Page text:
Updated on 10 July 2015
As per statistics, Cholera kills some 91,000 of the 2.8 million people it affects in endemic regions each year
Singapore: An oral cholera vaccine, Shanchol, developed by Shantha Biotechnics and recommended by WHO has shown promise in first real-life clinical trials by reducing severe cases of cholera by nearly 40 percent in a trial in Bangladeshi slums. The positive clinical trials suggest that the shot could be used routinely to help endemic countries control the life-threatening disease.
Researchers said that the vaccine was found to be safe, easy to administer and relatively inexpensive, at $1.85 per dose. Mr Firdausi Qadri of the International Centre for Diarrheal Disease Research in Dhaka, Bangladesh, said the results of this trial, published in The Lancet medical journal, showed how a routine oral cholera vaccination program "could substantially reduce the burden of disease and greatly contribute to cholera control efforts".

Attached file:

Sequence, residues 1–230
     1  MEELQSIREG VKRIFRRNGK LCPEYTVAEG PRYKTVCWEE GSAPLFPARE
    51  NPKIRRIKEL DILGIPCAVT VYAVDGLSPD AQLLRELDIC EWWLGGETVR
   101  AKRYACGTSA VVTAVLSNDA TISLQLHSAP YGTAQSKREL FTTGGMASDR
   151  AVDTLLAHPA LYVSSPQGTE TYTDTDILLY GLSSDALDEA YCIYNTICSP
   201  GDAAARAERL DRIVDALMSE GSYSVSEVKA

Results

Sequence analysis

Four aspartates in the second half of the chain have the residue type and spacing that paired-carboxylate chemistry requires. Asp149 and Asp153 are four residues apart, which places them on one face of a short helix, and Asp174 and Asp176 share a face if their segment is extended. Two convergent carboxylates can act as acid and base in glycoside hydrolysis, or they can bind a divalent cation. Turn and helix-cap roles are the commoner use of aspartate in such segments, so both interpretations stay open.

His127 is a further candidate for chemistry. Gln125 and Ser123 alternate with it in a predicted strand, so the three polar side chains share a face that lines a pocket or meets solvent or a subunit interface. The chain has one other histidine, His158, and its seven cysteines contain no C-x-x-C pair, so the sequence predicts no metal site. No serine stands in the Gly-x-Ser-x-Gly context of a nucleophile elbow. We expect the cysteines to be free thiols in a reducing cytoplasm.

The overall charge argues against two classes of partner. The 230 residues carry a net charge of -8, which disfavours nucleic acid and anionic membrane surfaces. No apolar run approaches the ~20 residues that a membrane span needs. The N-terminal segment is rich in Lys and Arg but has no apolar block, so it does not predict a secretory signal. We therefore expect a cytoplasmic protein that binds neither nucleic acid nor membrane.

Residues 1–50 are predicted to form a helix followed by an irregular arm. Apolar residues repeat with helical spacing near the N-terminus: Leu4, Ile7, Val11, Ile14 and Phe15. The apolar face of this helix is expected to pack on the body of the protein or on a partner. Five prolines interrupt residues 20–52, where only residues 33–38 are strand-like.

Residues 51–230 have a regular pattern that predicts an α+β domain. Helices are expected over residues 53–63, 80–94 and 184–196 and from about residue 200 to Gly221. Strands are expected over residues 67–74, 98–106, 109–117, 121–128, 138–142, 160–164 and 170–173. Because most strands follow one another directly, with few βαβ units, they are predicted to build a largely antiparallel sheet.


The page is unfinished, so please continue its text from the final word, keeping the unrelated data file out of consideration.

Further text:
The study involved almost 27,0000 residents aged 1 year and older from the urban slums of Mirpur in Dhaka, who were at high risk of cholera infection due to overcrowding and poor sanitation. The results showed vaccination with two doses of Shanchol reduced the overall incidence of severely dehydrating cholera by 37 percent after two years in the vaccine-only group and by 45 percent in combination with the hand washing and clean drinking water program.
worldwide,more than one billion people are thought to be at risk of cholera in more than 50 countries where it is endemic. The disease causes acute, watery diarrhea and spreads from person to person through water or food contaminated with Vibrio cholerae bacteria. The infection can kill within hours and people with weaker immune systems such as children or people with HIV.